First-in-human study finds novel laser technique “safe and effective” for embedded filter removal

1805
laser
William Kuo

The excimer laser sheath technique is safe and effective for removing embedded inferior vena cava (IVC) filters refractory to high-force retrieval, the investigators of a first-in-human escalation trial conclude in the Journal of the American Heart Association (JAHA). “This technique may allow cessation of filter-related anticoagulation and can be used to prevent and alleviate filter-related morbidity,” they write.

This is the largest study to date supporting a new indication for endovascular laser use to remove a variety of embedded IVC filters, regardless of implantation length.

Contextualising this research, lead author William T Kuo (Stanford University School of Medicine, Stanford, USA) and colleagues note that chronic indwelling IVC filters are associated with many potential risks, including non-thrombotic injury, thrombotic events, and the potential need for lifelong anticoagulation. While the US Food and Drug Administration (FDA) recommends that filters be promptly removed once the risk of acute pulmonary embolism has subsided, many filters remain chronically implanted and become refractory to standard retrieval methods. More advanced retrieval techniques (defined as any method other than standard snaring and sheathing) may be effective, but can induce major procedure-related complications due to the use of excessive force. This first-in-human study reports that these complications can be avoided with the use of the excimer laser sheath technique.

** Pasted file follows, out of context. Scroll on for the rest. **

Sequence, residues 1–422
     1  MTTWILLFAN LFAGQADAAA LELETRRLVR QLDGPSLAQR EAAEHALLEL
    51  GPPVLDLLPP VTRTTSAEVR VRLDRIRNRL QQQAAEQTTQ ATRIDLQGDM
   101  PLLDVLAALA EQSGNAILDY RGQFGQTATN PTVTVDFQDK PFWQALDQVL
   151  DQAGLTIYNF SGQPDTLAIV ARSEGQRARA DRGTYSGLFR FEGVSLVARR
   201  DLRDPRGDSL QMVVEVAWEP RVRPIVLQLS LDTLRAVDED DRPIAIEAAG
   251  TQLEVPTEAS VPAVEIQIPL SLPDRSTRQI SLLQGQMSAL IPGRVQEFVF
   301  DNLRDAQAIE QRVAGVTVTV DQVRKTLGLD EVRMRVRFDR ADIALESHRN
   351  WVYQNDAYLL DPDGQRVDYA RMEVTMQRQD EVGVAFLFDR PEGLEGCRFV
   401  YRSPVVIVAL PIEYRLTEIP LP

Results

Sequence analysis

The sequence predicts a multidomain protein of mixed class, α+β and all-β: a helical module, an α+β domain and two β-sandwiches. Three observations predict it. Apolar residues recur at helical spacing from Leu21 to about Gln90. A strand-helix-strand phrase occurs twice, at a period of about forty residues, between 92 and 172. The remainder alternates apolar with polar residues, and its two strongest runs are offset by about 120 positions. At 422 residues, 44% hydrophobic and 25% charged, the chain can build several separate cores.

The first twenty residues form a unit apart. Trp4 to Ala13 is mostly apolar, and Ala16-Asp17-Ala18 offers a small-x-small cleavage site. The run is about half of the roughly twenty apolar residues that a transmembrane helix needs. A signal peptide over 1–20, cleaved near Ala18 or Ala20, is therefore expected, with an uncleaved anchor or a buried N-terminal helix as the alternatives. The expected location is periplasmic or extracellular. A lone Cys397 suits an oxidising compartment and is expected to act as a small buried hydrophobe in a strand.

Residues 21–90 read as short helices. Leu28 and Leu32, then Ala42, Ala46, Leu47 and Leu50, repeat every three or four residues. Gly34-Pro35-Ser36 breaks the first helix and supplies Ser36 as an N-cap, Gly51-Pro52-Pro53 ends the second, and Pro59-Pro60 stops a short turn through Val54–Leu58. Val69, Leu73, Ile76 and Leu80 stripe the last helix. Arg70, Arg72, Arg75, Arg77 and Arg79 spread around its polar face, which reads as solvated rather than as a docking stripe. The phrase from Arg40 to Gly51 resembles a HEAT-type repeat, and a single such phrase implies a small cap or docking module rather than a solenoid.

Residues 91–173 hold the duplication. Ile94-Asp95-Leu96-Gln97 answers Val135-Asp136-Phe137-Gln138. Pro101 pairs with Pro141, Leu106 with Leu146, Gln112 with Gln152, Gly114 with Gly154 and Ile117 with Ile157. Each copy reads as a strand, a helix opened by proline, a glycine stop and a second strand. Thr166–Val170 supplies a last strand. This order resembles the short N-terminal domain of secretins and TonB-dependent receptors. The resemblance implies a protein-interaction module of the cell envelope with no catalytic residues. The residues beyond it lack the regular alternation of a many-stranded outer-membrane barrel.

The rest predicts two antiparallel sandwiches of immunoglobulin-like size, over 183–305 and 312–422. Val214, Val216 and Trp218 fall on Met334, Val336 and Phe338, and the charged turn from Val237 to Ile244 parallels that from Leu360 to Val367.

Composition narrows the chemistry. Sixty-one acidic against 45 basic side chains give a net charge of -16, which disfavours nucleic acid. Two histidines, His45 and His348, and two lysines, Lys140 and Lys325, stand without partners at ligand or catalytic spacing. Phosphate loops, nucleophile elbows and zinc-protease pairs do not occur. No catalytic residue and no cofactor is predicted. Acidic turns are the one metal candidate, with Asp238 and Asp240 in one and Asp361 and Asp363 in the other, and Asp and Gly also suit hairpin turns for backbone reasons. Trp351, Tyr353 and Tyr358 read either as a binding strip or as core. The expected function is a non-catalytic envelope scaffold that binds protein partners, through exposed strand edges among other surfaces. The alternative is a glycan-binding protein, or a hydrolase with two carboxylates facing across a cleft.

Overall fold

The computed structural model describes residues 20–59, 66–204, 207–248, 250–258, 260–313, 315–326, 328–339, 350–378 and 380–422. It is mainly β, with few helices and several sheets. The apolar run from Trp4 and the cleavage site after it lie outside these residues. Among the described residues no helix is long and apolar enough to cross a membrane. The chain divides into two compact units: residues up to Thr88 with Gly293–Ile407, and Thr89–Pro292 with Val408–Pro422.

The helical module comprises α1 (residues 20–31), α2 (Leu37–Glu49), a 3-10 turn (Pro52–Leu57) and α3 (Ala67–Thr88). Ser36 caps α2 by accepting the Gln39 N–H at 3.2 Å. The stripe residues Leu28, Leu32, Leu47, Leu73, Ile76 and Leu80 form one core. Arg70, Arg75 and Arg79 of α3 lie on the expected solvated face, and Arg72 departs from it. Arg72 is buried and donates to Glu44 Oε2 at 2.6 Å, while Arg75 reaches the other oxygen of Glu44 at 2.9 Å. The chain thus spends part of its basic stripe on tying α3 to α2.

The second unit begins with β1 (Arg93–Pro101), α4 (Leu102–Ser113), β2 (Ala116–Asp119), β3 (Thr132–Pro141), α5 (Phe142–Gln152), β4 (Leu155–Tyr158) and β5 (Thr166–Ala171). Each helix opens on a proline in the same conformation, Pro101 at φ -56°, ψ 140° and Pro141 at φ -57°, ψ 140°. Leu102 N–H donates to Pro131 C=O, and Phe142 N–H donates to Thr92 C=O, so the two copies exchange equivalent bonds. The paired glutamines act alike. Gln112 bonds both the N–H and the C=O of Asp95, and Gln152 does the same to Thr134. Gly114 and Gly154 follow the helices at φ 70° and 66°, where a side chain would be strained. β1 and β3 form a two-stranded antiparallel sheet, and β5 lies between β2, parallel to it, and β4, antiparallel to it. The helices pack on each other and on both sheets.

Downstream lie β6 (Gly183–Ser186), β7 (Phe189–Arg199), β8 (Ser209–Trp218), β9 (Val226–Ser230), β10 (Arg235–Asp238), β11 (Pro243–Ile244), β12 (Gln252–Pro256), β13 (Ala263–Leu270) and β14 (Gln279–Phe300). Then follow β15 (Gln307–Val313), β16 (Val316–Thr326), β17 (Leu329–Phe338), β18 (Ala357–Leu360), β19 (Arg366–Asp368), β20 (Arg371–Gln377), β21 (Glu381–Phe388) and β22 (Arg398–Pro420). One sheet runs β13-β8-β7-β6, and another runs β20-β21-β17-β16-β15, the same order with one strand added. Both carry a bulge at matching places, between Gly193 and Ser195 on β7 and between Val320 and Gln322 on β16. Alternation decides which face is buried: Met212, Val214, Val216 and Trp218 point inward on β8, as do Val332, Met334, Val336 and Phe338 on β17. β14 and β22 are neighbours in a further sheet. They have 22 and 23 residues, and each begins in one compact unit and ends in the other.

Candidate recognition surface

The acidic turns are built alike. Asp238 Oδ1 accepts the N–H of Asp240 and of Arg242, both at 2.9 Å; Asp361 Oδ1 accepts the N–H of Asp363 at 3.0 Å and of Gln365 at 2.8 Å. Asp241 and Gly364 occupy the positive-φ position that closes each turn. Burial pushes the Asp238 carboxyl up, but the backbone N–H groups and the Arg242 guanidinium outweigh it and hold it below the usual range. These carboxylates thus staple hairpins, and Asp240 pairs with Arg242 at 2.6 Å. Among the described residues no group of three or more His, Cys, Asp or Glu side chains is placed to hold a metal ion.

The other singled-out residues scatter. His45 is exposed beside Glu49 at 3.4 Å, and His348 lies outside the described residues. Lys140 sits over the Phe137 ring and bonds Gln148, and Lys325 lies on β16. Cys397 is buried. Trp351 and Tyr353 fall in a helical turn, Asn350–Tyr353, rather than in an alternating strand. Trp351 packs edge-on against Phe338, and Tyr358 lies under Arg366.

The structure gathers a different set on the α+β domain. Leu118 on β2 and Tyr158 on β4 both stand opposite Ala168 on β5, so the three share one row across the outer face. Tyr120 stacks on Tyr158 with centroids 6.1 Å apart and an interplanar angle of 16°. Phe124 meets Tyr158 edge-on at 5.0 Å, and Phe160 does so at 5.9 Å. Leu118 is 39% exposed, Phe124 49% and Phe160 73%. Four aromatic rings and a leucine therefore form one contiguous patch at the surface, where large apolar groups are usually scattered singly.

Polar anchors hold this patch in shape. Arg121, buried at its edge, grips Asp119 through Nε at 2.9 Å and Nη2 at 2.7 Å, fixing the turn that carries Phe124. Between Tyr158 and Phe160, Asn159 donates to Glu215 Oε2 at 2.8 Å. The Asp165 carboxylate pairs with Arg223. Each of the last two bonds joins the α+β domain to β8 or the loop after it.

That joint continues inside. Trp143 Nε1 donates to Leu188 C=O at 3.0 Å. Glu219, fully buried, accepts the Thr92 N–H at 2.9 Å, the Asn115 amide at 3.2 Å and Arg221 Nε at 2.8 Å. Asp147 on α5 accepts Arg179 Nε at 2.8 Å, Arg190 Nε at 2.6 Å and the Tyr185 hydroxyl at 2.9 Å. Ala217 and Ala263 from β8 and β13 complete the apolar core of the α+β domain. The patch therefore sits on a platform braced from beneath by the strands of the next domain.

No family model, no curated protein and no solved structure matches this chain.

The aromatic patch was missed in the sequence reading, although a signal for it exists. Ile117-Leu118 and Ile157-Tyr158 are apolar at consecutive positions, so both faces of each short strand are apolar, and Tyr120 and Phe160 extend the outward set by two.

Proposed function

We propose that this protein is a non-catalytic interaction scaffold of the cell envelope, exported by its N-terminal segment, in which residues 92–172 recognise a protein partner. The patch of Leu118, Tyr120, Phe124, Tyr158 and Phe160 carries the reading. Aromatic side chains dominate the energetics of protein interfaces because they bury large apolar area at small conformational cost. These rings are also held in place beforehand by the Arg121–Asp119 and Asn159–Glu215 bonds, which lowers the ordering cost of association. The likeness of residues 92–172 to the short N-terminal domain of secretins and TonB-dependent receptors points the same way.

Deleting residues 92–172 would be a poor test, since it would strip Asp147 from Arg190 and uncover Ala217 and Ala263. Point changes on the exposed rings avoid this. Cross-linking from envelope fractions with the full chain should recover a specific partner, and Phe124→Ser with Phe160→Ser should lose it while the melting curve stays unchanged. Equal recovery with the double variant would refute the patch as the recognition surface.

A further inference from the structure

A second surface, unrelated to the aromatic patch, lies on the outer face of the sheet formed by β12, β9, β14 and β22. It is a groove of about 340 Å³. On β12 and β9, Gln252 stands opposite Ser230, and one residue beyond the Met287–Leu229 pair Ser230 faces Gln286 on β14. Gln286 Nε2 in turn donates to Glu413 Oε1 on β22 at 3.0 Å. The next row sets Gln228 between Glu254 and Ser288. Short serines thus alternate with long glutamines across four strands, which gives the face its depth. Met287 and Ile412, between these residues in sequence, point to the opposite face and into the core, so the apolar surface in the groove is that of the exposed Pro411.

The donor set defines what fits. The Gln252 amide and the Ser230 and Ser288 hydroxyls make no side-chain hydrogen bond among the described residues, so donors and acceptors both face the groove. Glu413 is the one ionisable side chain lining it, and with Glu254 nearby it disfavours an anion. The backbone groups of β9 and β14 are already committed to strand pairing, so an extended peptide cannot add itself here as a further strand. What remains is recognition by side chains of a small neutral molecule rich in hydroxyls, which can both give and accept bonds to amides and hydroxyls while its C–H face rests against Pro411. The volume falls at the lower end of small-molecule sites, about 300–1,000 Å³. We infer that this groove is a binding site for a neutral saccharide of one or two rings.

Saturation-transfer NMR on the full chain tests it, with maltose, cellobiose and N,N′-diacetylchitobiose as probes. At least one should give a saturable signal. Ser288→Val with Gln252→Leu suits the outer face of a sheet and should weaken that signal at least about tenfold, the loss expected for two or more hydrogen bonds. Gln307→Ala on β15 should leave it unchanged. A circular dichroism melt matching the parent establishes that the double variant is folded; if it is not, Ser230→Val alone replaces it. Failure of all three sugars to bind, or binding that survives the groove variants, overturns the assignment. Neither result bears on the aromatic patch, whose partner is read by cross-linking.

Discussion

Over an 8.5-year period, 500 patients were prospectively enrolled into the study. There were 225 men and 275 women (mean age, 49 years; range, 15–90 years). Indications for retrieval included symptomatic acute inferior vena cava thrombosis, chronic inferior vena cava occlusion, and/or pain from filter penetration. Retrieval was also offered to prevent risks from prolonged implantation and potentially to eliminate the need for lifelong anticoagulation. In total, there were 140 physically symptomatic patients (28%; 140 of 500) with filter-related morbidity, 360 physically asymptomatic patients with filter-related anxiety (72%; 360 of 500), and 78 patients (16%; 78 of 500) receiving filter-related anticoagulation with no underlying thrombophilia.

After retrieval failed using standard retrieval force (6–7lb via digital gauge), treatment escalation was initiated by placing a laser sheath (Spectranetics) connected to a 308-nm XeCl excimer laser generator (CVX-300, Spectranetics), to attempt fibrotic tissue ablation. “We hypothesised that the laser-assisted technique would allow retrieval of more than 95% of embedded filters with less than 5% risk of major complications and with lower force,” Kuo et al put in their abstract.

The three primary study end points were: successful filter retrieval (complete filter detachment from the caval wall and removal from the body, excluding extravascular filter fragments) versus failure; presence versus absence of major procedure-related complications; and the difference in force applied to a patient’s filter both with and without laser assistance during attempted filter removal. Secondary end points were defined as follows: resolution of symptoms in patients with filter-related morbidity, resolution of filter-related anxiety, and further need for filter-related anticoagulation. The primary outcome was successful filter retrieval, and the primary safety outcome was any major procedure-related complication as defined by established guidelines.